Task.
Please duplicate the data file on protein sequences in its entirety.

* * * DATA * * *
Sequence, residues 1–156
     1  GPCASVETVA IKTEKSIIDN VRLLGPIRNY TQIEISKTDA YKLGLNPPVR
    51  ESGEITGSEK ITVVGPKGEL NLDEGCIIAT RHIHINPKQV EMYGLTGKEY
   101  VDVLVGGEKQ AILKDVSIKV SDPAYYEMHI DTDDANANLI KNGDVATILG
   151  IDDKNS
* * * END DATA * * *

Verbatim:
Sequence, residues 1–156
     1  GPCASVETVA IKTEKSIIDN VRLLGPIRNY TQIEISKTDA YKLGLNPPVR
    51  ESGEITGSEK ITVVGPKGEL NLDEGCIIAT RHIHINPKQV EMYGLTGKEY
   101  VDVLVGGEKQ AILKDVSIKV SDPAYYEMHI DTDDANANLI KNGDVATILG
   151  IDDKNS